A November Passage in The Gulf of Mexico
In hindsight, it was one hell of an adventure.
But it started out painfully slow. We had nine days to sail 400 nautical miles from Panama City to Key West. Plenty of time, I thought, to wait out imperfect weather or deal with unanticipated trouble. My wife, Maribeth, arrived on November 9th. Scott, our crew for this leg, arrived on the 11th. He walked down the dock with a backpack and a swagger that reminded me of that slow-motion astronaut scene from “The Right Stuff:” confident, cocky, ready for adventure. He deflated a bit when I told him the weather would restrain us for a few days. A cold front was forecast to pass through. We did not want to be out in the middle of the Gulf of Mexico, with a few hundred miles of fetch, when a cold front arrived. Disappointed, we resolved to head east on the Intracoastal Waterway. It would not meaningfully shorten our trip, but we felt compelled to move. Going anywhere seemed better than sitting and waiting.
We motored past the fresh wreckage of Hurricane Michael, and anchored in East St. Andrews Bay and Saul Creek before reaching Apalachicola on the 13th. There, we spent two nights hunkered down at Scipio Creek Marina. The front came through, bringing wind and cold and rain, as we savored the luxuries of land living and prepared the boat for our passage to Key West.
Finally (FINALLY!,) on the 15th, we pointed the boat south and got underway. Almost immediately, we ran hard aground. The recent hurricane had left new shoals completely blocking Government Cut, our route through the barrier islands. Somehow, after an hour and a half of cursing and kedging, we managed to float free again. We quickly identified St. George Sound Inlet, 18 miles to the northeast, as our alternative way out. As the sun set, we finally reached unobstructed water stretching south nearly 400 miles to the Florida Keys.
Scott took the first night watch. We have a conservative overnight routine on La Peregrina. Everyone wears PFDs and harnesses when not below. Tethers keep us connected to the boat, either to jacklines on deck or to secure attachment points in the cockpit. While it’s still daylight, we reef the mainsail, even in light winds. The goal is to minimize any need to leave the cockpit during the night. In the rare case that someone must go on deck, a strict rule is that a second person must be awake and watching.
In actuality, most night watches are boring. The person on watch is typically the only person awake. Before dark, we set a course we believe we can maintain for many hours. An autopilot keeps the boat on a steady compass heading. The AIS will warn if a large boat is a potential collision risk. The job is mostly just to look around, keeping an eye open for lights from boats or navigation aids, noting course and speed and conditions in the logbook, glancing occasionally at the chart, checking the status of batteries and systems, maybe making a minor course adjustment or trimming a sail, perhaps stepping below briefly to visit the head or fix a snack ... Time can pass slowly.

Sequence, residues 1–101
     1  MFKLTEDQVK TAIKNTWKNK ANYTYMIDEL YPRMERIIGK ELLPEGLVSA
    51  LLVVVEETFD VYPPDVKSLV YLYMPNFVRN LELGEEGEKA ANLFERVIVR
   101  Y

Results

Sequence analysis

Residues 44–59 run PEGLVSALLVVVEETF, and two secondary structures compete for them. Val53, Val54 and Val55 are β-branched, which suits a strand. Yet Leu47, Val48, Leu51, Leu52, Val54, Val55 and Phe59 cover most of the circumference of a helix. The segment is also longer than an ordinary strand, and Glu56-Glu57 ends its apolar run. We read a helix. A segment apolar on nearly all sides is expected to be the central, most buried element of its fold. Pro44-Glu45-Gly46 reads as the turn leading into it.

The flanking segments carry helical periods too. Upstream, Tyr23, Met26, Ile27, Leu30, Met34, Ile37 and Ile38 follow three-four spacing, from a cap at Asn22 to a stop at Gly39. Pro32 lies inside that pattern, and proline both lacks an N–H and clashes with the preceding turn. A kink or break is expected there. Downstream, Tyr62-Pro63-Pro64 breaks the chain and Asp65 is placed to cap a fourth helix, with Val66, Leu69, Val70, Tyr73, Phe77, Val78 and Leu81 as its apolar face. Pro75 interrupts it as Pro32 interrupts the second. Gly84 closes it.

It was a raucous ride that first night at sea. The wind blew at 30 knots. We sailed on a starboard tack under a deeply reefed main and staysail. The genoa was furled. The seas were 6+ feet but, blessedly, were from behind, and well spaced. It was terribly cold. I came on watch and realized quickly that all my layers of clothing were inadequate. Wedging myself in the narrow companionway, I tried to draw warmth from the glow of red lights in the cabin below. I peered through the dodger at the steady march of swells, the setting moon, the brilliant stars. There were no boats. We were alone in the darkness. The wind howled through the rigging. Spars banged. Occasionally, I was reassured by a snore from below. Big waves roared as they approached from behind, then picked up our stern and passed beneath us as the autopilot growled, keeping us on track. There was very little to do. I counted down the hours, then the quarter-hours, and then the minutes that remained on my watch.
When the time finally came, I went below to rouse Maribeth. I nudged her awake and gave her a quick watch report: no boats, no lights, no problems, the weather is stable, our course is fine. She gave me that puppy dog look: "Joe, do I really have to go out there in this cold, by myself?"
I paused. She was warm and safe and comfortable wrapped up in that blanket. But Maribeth is an experienced offshore sailor. She knows the drill. I told her to wake me if she needed anything. I saw her climb the ladder and clip her tether in the cockpit as I fell asleep. She confessed later that her fears were unfounded; she had enjoyed her watch.
We sailed south for three days. Out of prudence, we had prepared for harsh conditions. But it was glorious sailing. The night skies were filled with a billion stars, and the days were bright and cheerful. The wind and the seas slowly calmed. We shed our woolies and foulies in favor of shorts and t-shirts. We were making good time, so we decided to steer toward the Dry Tortugas. The last 50 miles were exceptional. The wind picked up, the seas were flat, our spirits were high, and we reached south at more than 7 knots. Before noon on the 18th, we were anchored peacefully in the protected water east of Fort Jefferson.
We spent a day exploring the fort before making the final 70 miles to Key West, arriving at dawn on November 20th. Over the previous nine days, we had dealt with a variety of conditions, overcome obstacles, and solved problems. We had been awed and humbled by nature. I had enjoyed the company of great crew. La Peregrina was happy. It seemed appropriate that Thanksgiving was only two days away. We dug deep into the refrigerator, pulled out an icy bottle, and drank champagne.